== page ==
D. Fair Chase
Originally, falconry was a means of providing meat for the falconer’s table.In its purest form, falconry is a raptor doing what it does naturally – hunt its prey – in cooperation with a human.The laws of nature decree that a wild raptor pursuing wild quarry is a fair chase.Neither side has an unfair advantage over the other.This is the purest form of falconry, its highest ideal and practice.NAFA holds that modern falconry should be conducted in this same manner. Unfair advantage, no matter its source, should be avoided in favor of quarry having a fair chance of escape. This practice of fair chase is a high calling.Where falconers adhere to it, the sport of falconry cannot be judged guilty of acts of cruelty or inhumane treatment of quarry.
The future of falconry rests in the hands of today’s falconry sponsors.The responsibilities of a sponsor to the apprentice, and the apprentice’s bird, are very serious.True sponsorship requires a high level of dedication, involvement, and personal sacrifice. Sponsoring an apprentice falconer is not to be taken lightly.It is more than signing a form. A falconry sponsor is responsible to the apprentice, to his/her raptor, and to the rest of the falconry community. Therefore, the falconry sponsor should be scrupulously legal, uncompromisingly ethical, and continually available to the apprentice.The falconry sponsor should be a highly competent falconer who hunts regularly and who is always aware of the apprentice’s activities and the condition of the apprentice’s bird.
Based on extensive scientific scrutiny and historic evidence, NAFA supports the use of non-native (exotic) raptors - to include hybrids - in the practice of falconry in North America. Despite lack of scientific evidence of any threat to native avifauna, NAFA nonetheless counsels against any deliberate release into the wild of such raptors. NAFA assumes that falconers treat exotic raptors no differently than native raptors, regardless of the differences in their legal standing.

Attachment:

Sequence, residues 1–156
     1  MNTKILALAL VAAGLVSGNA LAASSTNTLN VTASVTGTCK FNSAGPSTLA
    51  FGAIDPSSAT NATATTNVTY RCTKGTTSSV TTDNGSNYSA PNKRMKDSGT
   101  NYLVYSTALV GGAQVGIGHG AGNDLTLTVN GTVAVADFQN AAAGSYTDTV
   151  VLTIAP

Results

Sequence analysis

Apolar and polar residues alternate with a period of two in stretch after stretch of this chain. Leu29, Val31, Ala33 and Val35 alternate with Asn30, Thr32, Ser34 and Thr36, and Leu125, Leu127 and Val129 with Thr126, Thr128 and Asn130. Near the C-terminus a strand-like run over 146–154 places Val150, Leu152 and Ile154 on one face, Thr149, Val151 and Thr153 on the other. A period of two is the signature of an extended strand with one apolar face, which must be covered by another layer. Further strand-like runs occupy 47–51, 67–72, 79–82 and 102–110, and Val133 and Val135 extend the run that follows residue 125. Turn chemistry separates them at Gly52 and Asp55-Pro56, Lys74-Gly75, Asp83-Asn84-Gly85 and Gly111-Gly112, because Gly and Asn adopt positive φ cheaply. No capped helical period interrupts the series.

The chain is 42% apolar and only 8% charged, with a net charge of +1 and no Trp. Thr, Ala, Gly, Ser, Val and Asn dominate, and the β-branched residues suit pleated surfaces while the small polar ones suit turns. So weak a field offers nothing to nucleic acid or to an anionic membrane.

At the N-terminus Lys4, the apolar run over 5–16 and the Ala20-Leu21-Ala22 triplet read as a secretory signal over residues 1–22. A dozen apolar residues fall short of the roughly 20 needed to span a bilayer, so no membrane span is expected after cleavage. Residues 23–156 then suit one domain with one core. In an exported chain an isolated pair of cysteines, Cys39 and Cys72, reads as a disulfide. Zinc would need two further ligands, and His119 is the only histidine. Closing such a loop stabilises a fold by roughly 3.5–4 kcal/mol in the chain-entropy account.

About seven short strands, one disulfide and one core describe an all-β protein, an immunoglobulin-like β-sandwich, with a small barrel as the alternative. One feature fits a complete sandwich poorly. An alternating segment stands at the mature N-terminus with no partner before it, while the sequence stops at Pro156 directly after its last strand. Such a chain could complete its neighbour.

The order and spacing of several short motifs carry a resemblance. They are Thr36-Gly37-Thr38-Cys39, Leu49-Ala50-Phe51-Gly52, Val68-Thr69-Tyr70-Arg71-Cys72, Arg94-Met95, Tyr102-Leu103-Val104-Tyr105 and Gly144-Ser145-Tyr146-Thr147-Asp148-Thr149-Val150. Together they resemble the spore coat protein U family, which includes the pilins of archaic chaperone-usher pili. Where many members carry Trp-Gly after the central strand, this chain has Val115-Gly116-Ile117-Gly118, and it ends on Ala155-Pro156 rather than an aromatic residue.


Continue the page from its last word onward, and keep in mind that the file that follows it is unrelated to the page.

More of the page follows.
G. Captive Breeding
NAFA recognizes the importance of captive breeding as a significant source of birds for both falconry and release to the wild for restoration of wild populations, when necessary. NAFA concurs in the commercial sale of captive-bred progeny to appropriately licensed and qualified recipients as a way to encourage the production of captive-bred birds so that they will be available for both purposes.
Falconers are cautioned about the dangers of publicity. Those considering public presentation are urged to consult NAFA's Public Information Officer. In general, the only two acceptable alternatives are the very highest quality presentation or no publicity at all. With or without publicity, application of discretion, moderation, and common sense by all falconers will go a long way toward maintaining a favorable image of our sport.Activities aimed at, or reasonably capable of, recruiting new falconers are to be avoided.Falconry is not for everyone and the decision to become an apprentice falconer should be carefully made.Falconers should not be overly solicitous when approached by someone wishing to become a falconer.Making sure they understand the true nature and requirements of falconry is the primary goal.
I. Private Ownership of Raptors
NAFA is a strong supporter of private ownership rights of captive bred falconry raptors, within the overall meanings of this policy.From a practical perspective however, NAFA’s position is that the well-being of raptors is a higher priority than the rights of the falconer.Falconers do not intentionally place their own interests above the well-being of their birds.Therefore, NAFA supports the current legal frameworks which allow only duly licensed persons to possess raptors for any purpose.